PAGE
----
“Skinamarink” feels more significant than the similarly lo-fi “We’re All Going To The World’s Fair,” mainly because Schroenbrun’s film, though informed by its director’s experiences growing up with the internet, is a movie about the internet. “Skinamarink,” on the other hand, feels like a product of whatever collective consciousness has formed online. It’s not about how the internet has affected the world; it’s an example of it.
What’s more, unlike much of the analogue horror videos to which it’s so closely related, there’s no conceit on which “Skinamarink” relies. This isn’t strictly a found-footage film, nor is it supposed to be some sort of recently unearthed cursed TV broadcast. It’s just what it is — a liminal hypnagogic spasm of pure, unadulterated fear, painted with textures of ’90s nostalgia, emerging aesthetic movements, and experimental film.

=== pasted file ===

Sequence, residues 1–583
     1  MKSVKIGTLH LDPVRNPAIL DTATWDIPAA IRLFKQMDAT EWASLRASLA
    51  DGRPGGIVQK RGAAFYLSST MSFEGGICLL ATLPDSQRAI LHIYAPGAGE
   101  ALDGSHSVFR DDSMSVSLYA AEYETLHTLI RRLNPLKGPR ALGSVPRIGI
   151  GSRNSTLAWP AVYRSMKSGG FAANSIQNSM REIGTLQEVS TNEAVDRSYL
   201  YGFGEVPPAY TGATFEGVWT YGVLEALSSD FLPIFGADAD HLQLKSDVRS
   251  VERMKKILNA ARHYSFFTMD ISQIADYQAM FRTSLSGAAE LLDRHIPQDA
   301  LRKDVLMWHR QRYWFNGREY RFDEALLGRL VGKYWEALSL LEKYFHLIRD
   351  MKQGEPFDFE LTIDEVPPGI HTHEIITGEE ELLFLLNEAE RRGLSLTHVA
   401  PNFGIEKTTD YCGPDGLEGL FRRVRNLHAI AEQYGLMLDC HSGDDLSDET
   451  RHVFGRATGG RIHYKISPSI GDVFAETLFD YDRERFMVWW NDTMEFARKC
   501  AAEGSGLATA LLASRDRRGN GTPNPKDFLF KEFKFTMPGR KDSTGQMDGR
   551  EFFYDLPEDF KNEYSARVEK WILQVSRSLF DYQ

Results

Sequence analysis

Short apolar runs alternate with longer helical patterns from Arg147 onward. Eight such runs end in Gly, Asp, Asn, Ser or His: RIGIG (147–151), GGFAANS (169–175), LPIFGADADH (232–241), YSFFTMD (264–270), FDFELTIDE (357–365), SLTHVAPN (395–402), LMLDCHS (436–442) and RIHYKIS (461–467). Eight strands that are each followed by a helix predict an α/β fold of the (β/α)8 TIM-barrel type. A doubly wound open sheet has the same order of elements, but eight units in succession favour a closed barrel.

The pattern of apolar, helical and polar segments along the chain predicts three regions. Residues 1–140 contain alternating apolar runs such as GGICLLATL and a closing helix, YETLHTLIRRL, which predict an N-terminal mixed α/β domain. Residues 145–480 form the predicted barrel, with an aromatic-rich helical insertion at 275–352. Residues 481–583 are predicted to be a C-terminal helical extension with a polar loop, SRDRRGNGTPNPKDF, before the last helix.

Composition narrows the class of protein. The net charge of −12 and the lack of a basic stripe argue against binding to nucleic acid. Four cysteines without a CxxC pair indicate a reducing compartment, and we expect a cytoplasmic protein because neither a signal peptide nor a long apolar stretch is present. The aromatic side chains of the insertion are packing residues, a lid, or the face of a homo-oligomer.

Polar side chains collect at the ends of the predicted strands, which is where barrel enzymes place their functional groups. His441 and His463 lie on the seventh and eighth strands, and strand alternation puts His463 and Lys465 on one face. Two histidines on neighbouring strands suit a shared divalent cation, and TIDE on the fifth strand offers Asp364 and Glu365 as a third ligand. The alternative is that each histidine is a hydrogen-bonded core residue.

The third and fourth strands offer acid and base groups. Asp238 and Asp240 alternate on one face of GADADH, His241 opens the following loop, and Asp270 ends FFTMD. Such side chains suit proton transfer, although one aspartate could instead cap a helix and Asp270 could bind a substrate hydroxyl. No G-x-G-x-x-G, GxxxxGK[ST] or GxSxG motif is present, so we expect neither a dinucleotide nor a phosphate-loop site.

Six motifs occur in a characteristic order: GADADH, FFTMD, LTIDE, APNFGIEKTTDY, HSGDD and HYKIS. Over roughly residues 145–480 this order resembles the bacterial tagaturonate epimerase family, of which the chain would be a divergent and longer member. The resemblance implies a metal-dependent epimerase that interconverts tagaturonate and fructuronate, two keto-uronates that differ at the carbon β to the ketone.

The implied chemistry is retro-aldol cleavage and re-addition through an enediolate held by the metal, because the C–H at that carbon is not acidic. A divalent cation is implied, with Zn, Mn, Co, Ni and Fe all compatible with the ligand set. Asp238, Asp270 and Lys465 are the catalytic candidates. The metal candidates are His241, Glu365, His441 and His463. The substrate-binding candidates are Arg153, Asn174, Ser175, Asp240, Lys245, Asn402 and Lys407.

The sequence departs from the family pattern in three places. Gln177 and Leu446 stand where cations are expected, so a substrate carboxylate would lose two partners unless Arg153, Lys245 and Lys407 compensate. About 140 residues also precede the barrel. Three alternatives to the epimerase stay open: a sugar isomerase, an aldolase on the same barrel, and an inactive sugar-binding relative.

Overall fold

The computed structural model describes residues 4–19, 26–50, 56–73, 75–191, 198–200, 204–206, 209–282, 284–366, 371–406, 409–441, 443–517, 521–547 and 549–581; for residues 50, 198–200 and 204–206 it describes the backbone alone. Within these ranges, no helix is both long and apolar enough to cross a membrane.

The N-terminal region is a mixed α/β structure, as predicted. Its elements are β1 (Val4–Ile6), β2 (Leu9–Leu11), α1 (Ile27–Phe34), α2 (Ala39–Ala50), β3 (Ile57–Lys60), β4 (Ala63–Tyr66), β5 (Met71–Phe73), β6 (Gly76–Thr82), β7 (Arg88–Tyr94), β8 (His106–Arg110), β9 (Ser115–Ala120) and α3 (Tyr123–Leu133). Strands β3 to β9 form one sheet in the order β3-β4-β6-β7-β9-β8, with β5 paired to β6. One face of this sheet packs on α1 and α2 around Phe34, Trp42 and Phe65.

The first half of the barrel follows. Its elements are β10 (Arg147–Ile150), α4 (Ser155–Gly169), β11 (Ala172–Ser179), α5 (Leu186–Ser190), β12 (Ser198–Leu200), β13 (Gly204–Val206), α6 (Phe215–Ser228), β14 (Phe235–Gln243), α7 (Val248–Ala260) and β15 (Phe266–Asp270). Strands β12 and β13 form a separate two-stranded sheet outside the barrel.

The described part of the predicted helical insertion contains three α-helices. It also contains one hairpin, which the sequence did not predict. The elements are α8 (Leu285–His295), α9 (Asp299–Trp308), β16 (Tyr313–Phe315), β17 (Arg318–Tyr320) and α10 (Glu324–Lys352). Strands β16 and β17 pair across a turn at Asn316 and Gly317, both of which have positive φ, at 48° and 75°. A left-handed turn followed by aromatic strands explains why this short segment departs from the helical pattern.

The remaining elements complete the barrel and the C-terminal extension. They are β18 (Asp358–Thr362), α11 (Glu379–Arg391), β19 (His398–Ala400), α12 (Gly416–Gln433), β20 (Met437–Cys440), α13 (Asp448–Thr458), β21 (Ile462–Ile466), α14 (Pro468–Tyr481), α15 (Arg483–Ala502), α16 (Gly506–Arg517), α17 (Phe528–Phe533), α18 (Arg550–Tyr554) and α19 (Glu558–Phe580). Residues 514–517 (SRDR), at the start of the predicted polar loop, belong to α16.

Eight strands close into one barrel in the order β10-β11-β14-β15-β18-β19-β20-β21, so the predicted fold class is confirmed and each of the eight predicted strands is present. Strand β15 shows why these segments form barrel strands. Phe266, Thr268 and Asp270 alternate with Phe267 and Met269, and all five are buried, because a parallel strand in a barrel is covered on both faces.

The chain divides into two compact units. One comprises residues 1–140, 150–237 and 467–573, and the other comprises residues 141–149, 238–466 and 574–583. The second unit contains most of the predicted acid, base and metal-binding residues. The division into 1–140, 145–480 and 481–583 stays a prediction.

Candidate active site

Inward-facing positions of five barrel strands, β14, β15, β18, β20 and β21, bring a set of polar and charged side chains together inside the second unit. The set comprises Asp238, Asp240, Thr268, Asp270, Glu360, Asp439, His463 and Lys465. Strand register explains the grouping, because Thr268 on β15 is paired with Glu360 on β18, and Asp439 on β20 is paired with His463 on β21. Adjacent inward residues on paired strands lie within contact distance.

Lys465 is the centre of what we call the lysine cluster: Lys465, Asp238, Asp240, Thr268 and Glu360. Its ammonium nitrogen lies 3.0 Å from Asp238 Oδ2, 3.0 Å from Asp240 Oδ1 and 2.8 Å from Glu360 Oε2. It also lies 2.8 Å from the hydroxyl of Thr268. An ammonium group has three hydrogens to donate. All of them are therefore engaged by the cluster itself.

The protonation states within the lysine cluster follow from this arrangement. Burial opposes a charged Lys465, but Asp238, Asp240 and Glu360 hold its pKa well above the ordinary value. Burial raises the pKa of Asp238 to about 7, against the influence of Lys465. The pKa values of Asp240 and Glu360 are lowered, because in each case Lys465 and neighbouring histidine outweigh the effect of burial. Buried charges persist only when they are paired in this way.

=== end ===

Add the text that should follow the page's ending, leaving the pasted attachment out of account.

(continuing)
“Skinamarink” obviously isn’t the first piece of media to experiment with these kind of aesthetic and tonal choices, but it feels like the first to transcend more niche platforms and see notable success. And this is where it’s real-world destabilizing power comes in. The analogue horror movement, which makes similar use of darkly nostalgic imagery and themes, has thus far mostly been confined to serialized YouTube videos. Even something like Alan Reznick’s “This House Has People In It,” which gained significant attention for its deeply disturbing depiction of a family home descending into surreal, paranormal chaos, was distributed by Adult Swim. That’s a win for Reznick and for viewers, but it’s not an international theatrical distribution deal or $1 million made in a week. Which is why “Skinamarink” feels like the start of something bigger.